## Courses

I've helped with teaching the following courses at MIT:

- Problems of Philosophy. Fall 2015. (2 sections.)
- Ethics. Fall 2016.
- Justice. Spring 2017.

## Resources

During MIT's "Interim Activities Period" in January 2017 I taught a crash course in two common formal methods used in epistemology: probability and epistemic logic. The goal was to develop an intuitive understanding of these methods and their potential applications and limitations. Here are the handouts for each day:Here are some other handouts and notes I've created for guest lectures:

In 2012 I interviewed professors on how they wanted their undergraduates to write philosophy papers. The results are distilled into this handout, which I've since used in classes:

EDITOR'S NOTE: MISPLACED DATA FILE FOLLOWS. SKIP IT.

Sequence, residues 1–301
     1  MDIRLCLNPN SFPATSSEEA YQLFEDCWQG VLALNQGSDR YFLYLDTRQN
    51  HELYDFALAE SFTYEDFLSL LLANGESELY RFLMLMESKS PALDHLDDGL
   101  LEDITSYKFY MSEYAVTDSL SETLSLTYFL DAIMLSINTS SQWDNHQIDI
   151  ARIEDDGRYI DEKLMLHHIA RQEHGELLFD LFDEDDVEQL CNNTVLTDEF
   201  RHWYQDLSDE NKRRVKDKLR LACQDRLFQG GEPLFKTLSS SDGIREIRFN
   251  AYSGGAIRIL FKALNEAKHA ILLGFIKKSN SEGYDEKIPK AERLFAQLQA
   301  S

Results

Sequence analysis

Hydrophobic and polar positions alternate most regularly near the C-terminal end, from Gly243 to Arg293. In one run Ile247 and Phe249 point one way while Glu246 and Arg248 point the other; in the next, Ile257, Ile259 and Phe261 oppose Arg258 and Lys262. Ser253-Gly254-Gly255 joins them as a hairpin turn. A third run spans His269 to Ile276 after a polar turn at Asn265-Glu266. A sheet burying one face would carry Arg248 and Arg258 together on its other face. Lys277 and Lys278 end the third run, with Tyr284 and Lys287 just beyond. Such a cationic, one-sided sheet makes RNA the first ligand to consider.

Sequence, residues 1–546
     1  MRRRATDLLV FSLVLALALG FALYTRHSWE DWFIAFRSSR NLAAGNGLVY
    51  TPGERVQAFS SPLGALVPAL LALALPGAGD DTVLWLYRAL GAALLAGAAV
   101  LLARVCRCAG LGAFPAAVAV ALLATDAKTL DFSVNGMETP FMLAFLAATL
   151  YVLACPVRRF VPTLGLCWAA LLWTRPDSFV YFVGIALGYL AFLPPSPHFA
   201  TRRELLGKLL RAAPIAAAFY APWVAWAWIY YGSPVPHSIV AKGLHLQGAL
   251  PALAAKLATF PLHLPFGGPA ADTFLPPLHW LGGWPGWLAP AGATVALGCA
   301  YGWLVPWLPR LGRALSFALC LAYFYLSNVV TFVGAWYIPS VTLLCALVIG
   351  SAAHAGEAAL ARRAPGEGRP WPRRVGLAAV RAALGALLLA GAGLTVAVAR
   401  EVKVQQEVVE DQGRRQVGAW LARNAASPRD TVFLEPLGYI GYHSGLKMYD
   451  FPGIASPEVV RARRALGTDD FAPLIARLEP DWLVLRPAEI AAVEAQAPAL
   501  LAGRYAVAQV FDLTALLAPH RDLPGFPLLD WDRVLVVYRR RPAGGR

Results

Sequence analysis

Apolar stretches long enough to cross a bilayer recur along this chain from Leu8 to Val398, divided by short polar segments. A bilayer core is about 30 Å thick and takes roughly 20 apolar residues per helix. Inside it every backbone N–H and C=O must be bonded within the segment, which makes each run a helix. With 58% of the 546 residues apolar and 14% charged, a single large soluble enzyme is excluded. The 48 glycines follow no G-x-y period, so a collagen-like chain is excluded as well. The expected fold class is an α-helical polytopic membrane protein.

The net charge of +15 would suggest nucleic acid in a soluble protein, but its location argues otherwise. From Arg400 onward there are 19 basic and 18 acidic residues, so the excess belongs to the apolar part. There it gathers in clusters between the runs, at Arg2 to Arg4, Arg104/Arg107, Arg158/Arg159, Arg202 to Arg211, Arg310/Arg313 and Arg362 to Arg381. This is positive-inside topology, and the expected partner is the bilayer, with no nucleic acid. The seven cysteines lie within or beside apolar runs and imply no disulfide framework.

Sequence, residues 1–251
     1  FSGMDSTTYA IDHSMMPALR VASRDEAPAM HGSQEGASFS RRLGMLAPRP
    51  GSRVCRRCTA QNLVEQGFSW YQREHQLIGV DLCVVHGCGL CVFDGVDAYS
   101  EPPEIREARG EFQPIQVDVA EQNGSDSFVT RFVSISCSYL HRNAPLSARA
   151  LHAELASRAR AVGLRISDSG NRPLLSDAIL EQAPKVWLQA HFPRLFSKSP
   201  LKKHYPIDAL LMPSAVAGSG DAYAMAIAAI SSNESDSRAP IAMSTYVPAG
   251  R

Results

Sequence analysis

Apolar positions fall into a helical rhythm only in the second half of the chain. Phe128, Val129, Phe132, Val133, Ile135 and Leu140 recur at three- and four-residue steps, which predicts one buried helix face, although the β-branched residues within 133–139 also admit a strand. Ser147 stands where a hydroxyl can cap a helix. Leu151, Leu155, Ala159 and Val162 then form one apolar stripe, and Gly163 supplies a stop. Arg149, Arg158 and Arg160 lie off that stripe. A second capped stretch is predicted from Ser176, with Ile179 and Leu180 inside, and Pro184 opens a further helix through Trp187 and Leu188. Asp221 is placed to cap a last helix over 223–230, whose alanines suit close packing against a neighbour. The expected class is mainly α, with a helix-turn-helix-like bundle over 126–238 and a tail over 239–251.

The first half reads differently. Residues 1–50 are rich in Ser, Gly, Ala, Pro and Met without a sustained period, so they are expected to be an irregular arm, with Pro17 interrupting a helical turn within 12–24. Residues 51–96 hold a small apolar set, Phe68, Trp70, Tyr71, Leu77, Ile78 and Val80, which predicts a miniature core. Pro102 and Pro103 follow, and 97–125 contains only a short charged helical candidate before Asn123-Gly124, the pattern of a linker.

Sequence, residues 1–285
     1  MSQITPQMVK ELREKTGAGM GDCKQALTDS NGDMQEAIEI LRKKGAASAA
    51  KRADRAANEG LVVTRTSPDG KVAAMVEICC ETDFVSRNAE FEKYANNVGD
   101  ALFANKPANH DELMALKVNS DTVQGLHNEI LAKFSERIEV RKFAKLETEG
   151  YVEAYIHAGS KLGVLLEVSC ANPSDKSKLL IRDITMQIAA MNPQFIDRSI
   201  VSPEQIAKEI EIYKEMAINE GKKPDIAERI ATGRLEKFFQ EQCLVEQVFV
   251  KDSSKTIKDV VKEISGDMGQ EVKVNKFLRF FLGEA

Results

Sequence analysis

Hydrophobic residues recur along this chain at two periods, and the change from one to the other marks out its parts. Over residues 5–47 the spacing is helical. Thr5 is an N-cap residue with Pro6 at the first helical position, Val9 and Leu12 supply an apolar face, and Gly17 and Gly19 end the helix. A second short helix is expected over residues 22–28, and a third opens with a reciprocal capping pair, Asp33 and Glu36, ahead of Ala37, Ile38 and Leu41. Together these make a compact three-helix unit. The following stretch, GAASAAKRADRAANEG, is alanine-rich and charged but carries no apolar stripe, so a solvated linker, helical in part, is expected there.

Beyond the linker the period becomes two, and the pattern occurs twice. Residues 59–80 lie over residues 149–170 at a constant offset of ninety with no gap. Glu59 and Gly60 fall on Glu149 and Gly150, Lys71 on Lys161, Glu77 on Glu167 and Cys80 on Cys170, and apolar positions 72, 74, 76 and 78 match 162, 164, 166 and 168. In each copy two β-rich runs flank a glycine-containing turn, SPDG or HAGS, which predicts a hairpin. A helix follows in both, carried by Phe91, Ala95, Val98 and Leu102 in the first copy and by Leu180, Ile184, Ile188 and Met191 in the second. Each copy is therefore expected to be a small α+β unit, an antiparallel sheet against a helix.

- The Experience Machine and Parfit on Personal Good. (Appropriate to guide an instructor in leading an upper-level undergraduate discussion.)
- DeRose on Epistemic Contextualism. (Appropriate for an upper-level undergraduate course.)
- Graded Epistemic Logic. (How to combine probability theory and modal logic; appropriate for an introduction to modal logic.)

In 2012 I interviewed professors on how they wanted their undergraduates to write philosophy papers. The results are distilled into this handout, which I've since used in classes: